We’ve all experienced being sick and trying to recover while also preventing our germs from spreading and making others in our household sick.
In the heart of the cold and flu season, it’s especially important to know the difference between cleaning, disinfecting and sanitizing and how each reduces the spread of germs.
Cleaning is simply removing the visible dirt and impurities from a surface. Soap and water or an all-purpose cleaner will work fine. Disinfecting actually kills the germs on the surface with chemicals and is most effective after the surface is clean. Some disinfecting products actually clean and disinfectant in one-step so you can use the same product for both cleaning and disinfecting. An example is JAWS Disinfectant Cleaner. Other products only disinfectant and should be used after the surface is cleaned of visible dirt and grime.
Many of us think we’re disinfecting properly when we spray the surface with a disinfectant and immediately wipe it clean- right? Well not exactly… the disinfectant has to sit wet, on the surface for the amount time listed on the product label to actually kill the 99.9% of germs it claims to kill. Each disinfectant product may have different kill times so it’s important to check the labels.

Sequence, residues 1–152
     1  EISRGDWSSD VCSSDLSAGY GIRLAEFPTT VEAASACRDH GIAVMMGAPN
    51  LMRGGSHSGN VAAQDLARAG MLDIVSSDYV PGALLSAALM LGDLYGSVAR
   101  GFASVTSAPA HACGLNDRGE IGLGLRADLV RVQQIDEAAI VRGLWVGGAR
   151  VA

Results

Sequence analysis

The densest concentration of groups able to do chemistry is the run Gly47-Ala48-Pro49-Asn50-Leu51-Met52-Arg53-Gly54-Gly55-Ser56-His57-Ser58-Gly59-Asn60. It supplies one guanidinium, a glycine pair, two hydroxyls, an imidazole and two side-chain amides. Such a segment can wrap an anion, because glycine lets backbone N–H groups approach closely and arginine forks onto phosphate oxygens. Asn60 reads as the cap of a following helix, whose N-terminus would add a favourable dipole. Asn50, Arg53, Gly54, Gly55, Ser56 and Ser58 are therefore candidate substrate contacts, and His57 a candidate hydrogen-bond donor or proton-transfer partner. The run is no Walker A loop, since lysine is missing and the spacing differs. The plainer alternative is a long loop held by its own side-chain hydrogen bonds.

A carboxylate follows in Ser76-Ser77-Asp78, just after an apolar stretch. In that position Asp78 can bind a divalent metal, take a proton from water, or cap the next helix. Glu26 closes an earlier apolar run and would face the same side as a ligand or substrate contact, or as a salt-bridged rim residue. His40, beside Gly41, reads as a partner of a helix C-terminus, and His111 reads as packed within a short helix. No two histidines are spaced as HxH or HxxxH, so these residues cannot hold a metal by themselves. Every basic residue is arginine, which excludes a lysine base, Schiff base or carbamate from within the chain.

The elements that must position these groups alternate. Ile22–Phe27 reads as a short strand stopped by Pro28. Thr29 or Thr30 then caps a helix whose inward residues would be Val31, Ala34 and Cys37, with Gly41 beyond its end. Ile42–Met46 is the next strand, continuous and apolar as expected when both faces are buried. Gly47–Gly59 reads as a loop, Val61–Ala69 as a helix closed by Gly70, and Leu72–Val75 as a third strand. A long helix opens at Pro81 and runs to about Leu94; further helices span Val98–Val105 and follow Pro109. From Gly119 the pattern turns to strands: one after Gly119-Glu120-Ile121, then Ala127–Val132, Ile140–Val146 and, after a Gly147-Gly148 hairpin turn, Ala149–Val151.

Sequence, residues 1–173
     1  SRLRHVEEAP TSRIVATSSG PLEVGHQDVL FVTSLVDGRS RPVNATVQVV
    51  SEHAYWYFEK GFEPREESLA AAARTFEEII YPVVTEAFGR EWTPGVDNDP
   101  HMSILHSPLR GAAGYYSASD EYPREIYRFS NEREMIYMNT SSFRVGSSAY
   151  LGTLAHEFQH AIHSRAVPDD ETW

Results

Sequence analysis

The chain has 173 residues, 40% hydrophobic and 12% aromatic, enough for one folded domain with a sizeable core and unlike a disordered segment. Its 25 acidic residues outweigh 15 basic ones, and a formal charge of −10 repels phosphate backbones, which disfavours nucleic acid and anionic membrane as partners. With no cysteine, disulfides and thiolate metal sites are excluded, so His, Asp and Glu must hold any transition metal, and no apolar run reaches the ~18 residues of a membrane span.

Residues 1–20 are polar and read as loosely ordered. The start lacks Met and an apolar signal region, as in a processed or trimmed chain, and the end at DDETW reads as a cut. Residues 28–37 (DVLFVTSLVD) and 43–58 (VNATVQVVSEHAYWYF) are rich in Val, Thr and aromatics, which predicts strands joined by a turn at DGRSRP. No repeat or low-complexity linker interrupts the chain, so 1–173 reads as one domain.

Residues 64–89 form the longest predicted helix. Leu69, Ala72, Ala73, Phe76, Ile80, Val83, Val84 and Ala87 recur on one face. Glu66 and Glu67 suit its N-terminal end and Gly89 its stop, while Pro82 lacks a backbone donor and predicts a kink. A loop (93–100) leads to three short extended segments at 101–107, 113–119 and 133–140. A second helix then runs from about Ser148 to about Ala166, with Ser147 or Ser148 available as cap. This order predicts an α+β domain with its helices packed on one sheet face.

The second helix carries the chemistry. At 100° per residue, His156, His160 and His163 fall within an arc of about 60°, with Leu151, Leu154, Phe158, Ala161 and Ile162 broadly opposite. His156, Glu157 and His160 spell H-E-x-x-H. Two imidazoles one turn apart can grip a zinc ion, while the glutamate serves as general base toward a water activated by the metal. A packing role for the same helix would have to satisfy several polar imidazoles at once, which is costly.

Sanitizing reduces the amount of germs on a clean surface to a safe level. Bacteria and viruses can live on surfaces for up to 48 hours so sanitizing is incredibly important to lower the risk of spreading infection. It is quicker than disinfecting because it doesn’t require as much contact time. The “spray and wipe” method is better suited for sanitizing because it requires shorter contact time than disinfecting, When we “spray and wipe” we are actually sanitizing the surface, which reduces the germs on the surface, but does not actually kill as many germs as disinfecting.
A combination of cleaning, sanitizing and disinfecting will help you manage the high traffic, germ magnet areas in your home.
A Few Quick Tips:
- Clean all visible surface dirt, then spray with a disinfectant and let sit wet then wipe or air dry.
- Keep hand sanitizer around high traffic areas in the home. The CDC recommends a sanitizer with at least a 60% alcohol concentration to be effective.
- Wash bedding and linens in a hot water cycle to get rid of lingering bacteria.
- Be sure to disinfect high-touch surfaces around the house such as doorknobs, remote controls, toilet handles, faucets, etc.
- Scrub hands with soap and water and lather for at least 20 seconds when washing hands.